Sewing Update (Simplicity 1252)

At the start of the year, I set myself a goal to sew one new thing a month. My plan was to make a different item than I have ever attempted before, or use a different or tricky fabric. So far I have stuck to this goal, albeit barely!

January was a Peter Pan collar dress with a waistband. February was a loose fitting tee for my best friend, made from faux leather and a light, floaty patterned fabric that I have no name for. The first was a success, the second…well, I wasn’t overly happy with the end result. I used an existing shirt of hers to create the pattern which,in hindsight, wasn’t the best way to go given what I was working with. The seams were wavy, the sleeves were boxy and a little too GaGa-esque for either of our tastes. I made a couple of quick alterations, but all in all I was pretty disappointed. I also let time get away from me a little bit, and I know that if I had have taken the time, the result would have been better. The good thing about it, is that now I know my weaknesses when it comes to that kind of fabric, and I can work towards improving. Silver lining!

March was a tricky month, and I very nearly didn’t make it. I went on holidays, and I made some small progress on a jumpsuit I’ve had planned since pretty much the start of the year, but then life got in the way. Now, by some wonderful circumstance, I managed to get two days off this week. Two consecutive days off. Which is pretty much a dream come true for me. So yesterday, I abandoned by jumpsuit idea altogether, because it is still too far from completion to get done in a day. Instead, I raced down to the local Lincraft and picked myself up a basic commercial pattern. I’m not usually a pattern kinda girl, preferring to make things up and challenge myself that way. But, desperate times and all that. The pattern I went with was Simplicity 1252, a basic 60’s style sleeveless shift dress.
Image result for simplicity 1252

The other night I caught a film called God Help the Girl (review pending), and I was inspired by the outfits in the film when I chose this pattern. Aside from wanting something I could smash out in an afternoon, I was looking to emulate the vaguely hipster-y, mod style of clothing worn in the film. I found some lightweight wool suiting in a dark green tartan that was perfect for the project – and at only $10 a metre! – and so I set to work.

I count this my new thing for March, because all of the dresses I have previously made, have had a defined bust and skirt, where this dress is one piece. The pattern was simple to follow, and just as simple to put together, though I made a number of alterations. First thing I did was lose the neckline facings, in favour of a full lining. I wanted to be able to just slip the dress on, and the silk lining has the added bonus of helping to keep everything smooth. Secondly, the pattern has a front centre seam, which I think looks a little strange. I did actually add the dart in initially, but ended up unpicking it and leaving just a small detail at the top, and I liked it much better without. The third thing I did was alter the length. I always go a size up when I’m making commercial patterns, because I like to allow for error, so I used the size 10. When I cut out the pattern pieces, the finished dress would have sat at the awkward just below the knee length, because whilst I’m not overly short, I’m not especially tall either. And I wanted to make a mini dress anyway, more reminiscent of the fashion of the late 60’s. So I cut a solid three inches off the length, and then hemmed it with a 1/4 inch seam.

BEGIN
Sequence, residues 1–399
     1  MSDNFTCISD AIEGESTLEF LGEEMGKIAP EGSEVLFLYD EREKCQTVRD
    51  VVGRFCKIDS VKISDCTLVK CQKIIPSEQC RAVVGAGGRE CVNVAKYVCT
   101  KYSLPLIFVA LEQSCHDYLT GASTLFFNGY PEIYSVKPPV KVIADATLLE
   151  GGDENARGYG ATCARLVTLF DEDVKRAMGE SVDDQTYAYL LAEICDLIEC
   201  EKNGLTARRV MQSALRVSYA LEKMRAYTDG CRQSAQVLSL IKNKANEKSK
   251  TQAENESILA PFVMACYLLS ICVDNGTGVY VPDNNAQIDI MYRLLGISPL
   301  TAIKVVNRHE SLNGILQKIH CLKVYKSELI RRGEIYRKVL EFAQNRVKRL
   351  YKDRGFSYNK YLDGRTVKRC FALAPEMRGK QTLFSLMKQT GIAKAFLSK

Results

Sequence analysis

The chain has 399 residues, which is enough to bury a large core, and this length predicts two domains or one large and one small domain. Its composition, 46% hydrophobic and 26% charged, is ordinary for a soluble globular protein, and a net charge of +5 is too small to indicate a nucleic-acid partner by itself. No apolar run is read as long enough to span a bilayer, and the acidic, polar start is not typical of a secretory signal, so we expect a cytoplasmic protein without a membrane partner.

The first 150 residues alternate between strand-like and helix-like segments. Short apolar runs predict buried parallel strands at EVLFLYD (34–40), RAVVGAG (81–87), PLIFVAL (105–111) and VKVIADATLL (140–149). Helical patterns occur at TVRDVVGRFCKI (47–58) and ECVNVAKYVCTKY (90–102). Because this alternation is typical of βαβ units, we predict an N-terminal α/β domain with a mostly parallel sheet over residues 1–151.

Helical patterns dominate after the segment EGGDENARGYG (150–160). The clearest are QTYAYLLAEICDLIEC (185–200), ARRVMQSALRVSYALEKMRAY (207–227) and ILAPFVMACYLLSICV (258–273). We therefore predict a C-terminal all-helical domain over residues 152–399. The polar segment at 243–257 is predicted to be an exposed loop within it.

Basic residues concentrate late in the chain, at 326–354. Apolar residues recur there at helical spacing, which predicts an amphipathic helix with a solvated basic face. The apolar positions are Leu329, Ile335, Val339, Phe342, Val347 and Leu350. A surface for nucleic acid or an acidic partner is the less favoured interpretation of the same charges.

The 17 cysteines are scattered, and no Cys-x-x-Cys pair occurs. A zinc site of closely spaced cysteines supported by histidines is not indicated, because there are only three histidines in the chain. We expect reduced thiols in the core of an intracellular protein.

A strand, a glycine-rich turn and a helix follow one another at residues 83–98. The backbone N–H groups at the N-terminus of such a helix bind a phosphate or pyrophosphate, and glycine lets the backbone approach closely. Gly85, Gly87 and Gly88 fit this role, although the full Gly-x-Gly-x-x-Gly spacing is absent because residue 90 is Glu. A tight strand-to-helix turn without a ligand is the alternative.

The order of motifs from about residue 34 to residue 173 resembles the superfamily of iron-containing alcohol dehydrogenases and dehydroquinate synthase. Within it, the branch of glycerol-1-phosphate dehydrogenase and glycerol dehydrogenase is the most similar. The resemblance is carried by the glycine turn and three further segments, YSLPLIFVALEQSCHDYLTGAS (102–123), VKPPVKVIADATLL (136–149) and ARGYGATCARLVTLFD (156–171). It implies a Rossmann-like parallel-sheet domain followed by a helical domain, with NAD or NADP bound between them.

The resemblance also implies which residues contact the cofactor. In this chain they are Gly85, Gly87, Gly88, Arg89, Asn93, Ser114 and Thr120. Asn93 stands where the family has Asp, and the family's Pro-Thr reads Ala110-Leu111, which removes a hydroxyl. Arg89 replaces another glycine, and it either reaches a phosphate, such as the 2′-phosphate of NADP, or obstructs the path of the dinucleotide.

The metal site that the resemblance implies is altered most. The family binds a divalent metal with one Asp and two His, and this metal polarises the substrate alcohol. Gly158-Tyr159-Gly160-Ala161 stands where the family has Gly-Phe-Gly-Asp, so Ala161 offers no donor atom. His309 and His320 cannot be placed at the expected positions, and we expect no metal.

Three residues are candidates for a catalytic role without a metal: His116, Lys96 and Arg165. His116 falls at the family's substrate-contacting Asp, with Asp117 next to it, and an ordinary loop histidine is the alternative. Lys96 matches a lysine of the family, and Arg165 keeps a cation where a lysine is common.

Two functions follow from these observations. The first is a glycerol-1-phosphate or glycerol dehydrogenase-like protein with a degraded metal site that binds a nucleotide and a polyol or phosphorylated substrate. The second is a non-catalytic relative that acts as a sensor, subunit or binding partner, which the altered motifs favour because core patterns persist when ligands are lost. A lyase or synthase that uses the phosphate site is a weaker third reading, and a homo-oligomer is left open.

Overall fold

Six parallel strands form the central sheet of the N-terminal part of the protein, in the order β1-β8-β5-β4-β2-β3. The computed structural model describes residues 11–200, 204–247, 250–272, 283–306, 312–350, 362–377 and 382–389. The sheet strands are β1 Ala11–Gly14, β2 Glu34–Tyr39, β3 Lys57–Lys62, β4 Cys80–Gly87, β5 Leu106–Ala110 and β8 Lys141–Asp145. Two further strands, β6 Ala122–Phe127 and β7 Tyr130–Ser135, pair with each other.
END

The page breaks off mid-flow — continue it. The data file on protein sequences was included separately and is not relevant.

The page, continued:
I did have a little trouble when it came to hemming, because I was stitching the lining and the outer fabric together to hide the seams within, and the wool had a little stretch to it, where the lining silk didn’t. This left me with too much fabric at the end of the seam line, which created an unsightly wrinkle. To fix this, I simply unpicked the back seam a little, and did a little snipping and stitching to tidy it up and reduce the bulk. I just had to add a small slit in the back of the dress, but that doesn’t affect the aesthetic, so I was happy with the end result.

All in all, I am infinitely happier with my March make than my previous month’s attempt, and I can see myself wearing this dress a lot, probably styled with a white collared shirt and a cute continental necktie. Or I can grunge it up with a pair of Docs (note to self; buy Docs) and a leather jacket. I think, because of my fabric choice, this will be a really versatile little number. Plus, I have plenty of fabric left over to make a pleated skirt and matching bow tie. So even though I left it until the last minute, and I used a commercial pattern, I am still going strong with this one new make a month goal. And I’m starting to get some ideas for the next ones too, so good things are coming!

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5 thoughts on “Sewing Update (Simplicity 1252)

    1. There are a couple of ways to do it, some easier than others. First way is to cut the same pattern pieces as the outer dress in a lining fabric and sew them together before you construct the dress, wrong sides together, ending up with a single piece that is your press fabric one side and lining fabric the other. It’s probably the easiest way but not my favourite. I prefer to have a separate lining. Buuut I’m also really crap at explaining it. There’s a few good tutorials online that explain it far more eloquently than me. Check out this girl, her tutorials are pretty simple to follow and she gives great tips and instructions! 🙂
      http://blog.megannielsen.com/2017/01/fully-line-sleeveless-dress/

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